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In Pursuit of Perfect Chemistry: A Vision for Unifying Catalysis

Several fields of research have sprung up around the chemical drivers, called catalysts, at work in many industrial processes – including those that boost the production of fuels, fertilizers, and foods – and there is a growing interest in coordinating these research activities to create new, hybrid catalysts with enhanced performance, say researchers at Berkeley Lab and UC Berkeley.

Valleytronics Discovery Could Extend Limits of Moore’s Law

Research appearing today in Nature Communications finds useful new information-handling potential in samples of tin(II) sulfide (SnS), a candidate “valleytronics” transistor material that might one day enable chipmakers to pack more computing power onto microchips.

A Core−Shell Nanotube Array for Artificial Photosynthesis

The average global energy consumption of transportation fuels is currently several terawatts (1 terawatt = 1012 Joule per second). A major scientific gap for developing a solar fuels technology that could replace fossil resources with renewable ones is scalability at the unprecedented terawatts level. In fact, the only existing technology for making chemical compounds on the

Berkeley Lab Scientists Print All-Liquid 3-D Structures

Scientists have developed a way to print 3-D structures composed entirely of liquids. Using a modified 3-D printer, they injected threads of water into silicone oil — sculpting tubes made of one liquid within another liquid.

COSMIC Impact: Next-Gen X-Ray Microscopy Platform Now Operational

COSMIC, a next-generation X-ray beamline now operating at Berkeley Lab, brings together a unique set of capabilities to measure the properties of materials at the nanoscale. It allows scientists to probe working batteries and other active chemical reactions, and to reveal new details about magnetism and correlated electronic materials.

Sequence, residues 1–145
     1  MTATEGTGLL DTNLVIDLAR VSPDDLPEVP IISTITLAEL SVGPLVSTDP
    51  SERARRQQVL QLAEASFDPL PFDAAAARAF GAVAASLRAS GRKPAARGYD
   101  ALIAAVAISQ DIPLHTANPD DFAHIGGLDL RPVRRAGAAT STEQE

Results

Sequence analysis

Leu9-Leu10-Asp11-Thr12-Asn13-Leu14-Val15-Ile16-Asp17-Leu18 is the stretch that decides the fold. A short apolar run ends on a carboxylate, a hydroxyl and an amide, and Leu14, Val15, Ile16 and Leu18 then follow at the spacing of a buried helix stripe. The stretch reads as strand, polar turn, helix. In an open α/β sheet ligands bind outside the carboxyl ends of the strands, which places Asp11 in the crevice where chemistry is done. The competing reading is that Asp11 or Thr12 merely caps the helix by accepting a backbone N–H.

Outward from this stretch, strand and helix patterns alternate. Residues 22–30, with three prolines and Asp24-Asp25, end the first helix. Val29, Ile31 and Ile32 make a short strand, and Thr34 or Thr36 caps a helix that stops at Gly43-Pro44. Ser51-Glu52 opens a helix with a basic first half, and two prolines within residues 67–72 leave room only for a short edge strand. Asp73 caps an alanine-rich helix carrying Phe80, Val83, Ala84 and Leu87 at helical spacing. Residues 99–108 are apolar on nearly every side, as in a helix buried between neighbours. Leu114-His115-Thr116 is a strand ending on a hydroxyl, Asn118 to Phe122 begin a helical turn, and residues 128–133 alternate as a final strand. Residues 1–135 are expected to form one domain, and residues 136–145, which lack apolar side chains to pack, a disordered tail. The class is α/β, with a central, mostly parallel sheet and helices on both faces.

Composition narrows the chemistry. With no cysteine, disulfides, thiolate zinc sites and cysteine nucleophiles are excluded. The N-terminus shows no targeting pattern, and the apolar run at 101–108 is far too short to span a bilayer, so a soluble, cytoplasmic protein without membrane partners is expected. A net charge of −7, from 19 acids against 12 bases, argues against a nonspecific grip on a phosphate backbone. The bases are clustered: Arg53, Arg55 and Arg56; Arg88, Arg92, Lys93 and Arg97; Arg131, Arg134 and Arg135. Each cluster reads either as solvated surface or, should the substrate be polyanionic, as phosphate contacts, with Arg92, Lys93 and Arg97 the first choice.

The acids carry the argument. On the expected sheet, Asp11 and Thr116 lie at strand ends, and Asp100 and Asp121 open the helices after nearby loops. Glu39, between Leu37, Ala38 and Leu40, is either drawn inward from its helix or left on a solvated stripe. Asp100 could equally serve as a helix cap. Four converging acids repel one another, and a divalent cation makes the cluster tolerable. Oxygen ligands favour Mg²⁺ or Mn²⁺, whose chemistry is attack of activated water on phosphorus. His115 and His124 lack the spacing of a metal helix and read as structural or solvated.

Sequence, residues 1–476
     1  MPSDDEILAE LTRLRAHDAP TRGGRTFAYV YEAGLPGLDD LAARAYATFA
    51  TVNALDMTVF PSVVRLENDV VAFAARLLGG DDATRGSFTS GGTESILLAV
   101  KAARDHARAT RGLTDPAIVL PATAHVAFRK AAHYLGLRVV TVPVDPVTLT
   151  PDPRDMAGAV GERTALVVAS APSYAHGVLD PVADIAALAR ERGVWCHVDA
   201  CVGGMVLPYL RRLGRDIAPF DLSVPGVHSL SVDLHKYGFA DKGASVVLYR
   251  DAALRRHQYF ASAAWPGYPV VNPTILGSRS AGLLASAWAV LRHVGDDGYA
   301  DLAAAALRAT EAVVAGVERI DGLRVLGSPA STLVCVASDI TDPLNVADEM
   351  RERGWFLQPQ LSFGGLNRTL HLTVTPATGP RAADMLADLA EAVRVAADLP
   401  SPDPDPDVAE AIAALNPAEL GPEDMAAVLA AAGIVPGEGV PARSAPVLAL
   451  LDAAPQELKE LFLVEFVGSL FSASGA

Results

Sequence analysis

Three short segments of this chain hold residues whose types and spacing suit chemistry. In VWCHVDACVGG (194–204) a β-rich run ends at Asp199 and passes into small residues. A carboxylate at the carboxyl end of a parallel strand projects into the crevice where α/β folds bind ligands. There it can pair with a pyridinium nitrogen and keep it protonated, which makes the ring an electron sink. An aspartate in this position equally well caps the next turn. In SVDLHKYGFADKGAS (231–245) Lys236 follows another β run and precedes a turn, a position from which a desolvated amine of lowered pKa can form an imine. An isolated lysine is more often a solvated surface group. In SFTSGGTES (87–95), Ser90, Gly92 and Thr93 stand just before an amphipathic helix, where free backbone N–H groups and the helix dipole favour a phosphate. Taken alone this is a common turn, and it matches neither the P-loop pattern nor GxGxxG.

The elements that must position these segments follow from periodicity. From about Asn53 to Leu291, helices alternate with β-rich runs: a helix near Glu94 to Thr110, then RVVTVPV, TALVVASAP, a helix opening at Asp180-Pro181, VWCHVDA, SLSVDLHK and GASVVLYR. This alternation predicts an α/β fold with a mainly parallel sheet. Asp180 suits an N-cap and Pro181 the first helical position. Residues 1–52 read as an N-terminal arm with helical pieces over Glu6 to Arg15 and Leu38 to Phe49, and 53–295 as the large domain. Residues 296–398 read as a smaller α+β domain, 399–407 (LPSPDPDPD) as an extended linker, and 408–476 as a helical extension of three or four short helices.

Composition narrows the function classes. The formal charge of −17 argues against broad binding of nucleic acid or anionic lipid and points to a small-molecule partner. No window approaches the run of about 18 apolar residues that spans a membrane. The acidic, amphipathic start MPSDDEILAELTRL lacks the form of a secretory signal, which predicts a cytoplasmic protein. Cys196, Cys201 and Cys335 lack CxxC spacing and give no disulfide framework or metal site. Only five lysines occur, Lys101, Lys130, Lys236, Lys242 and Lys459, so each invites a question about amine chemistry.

Beyond the WIMP: Unique Crystals Could Expand the Search for Dark Matter

A new particle detector design proposed at the U.S. Department of Energy’s Berkeley Lab could greatly broaden the search for dark matter – which makes up 85 percent of the total mass of the universe yet we don’t know what it’s made of – into an unexplored realm.

Diamonds From the Deep: Study Suggests Water May Exist in Earth’s Lower Mantle

A new study, which included experiments at Berkeley Lab, suggests that water may be more common than expected at extreme depths approaching 400 miles and possibly beyond – within Earth’s lower mantle. The study explored microscopic pockets of a trapped form of crystallized water molecules in a sampling of diamonds.

Calling All Photographers: Participate in Berkeley Lab’s Physics Photowalk Competition on May 16

Berkeley Lab is offering a special tour to photographers on Wednesday, May 16, 2018, in a local event that is part of a Global Physics Photowalk 2018 competition. Follow @BerkeleyLab and #LBNLphotowalk online for updates on the local event.

Mapping Battery Materials With Atomic Precision

An international team led by researchers at Berkeley Lab used advanced techniques in electron microscopy to show how the ratio of materials that make up a lithium-ion battery electrode affects its structure at the atomic level, and how the surface is very different from the rest of the material.

Chemical Sleuthing Unravels Possible Path to the Formation of Life’s Building Blocks in Space

Scientists have used experiments at Berkeley Lab to retrace the chemical steps leading to the creation of complex hydrocarbons in space. They showed pathways to forming 2-D carbon-based nanostructures in a mix of heated gases.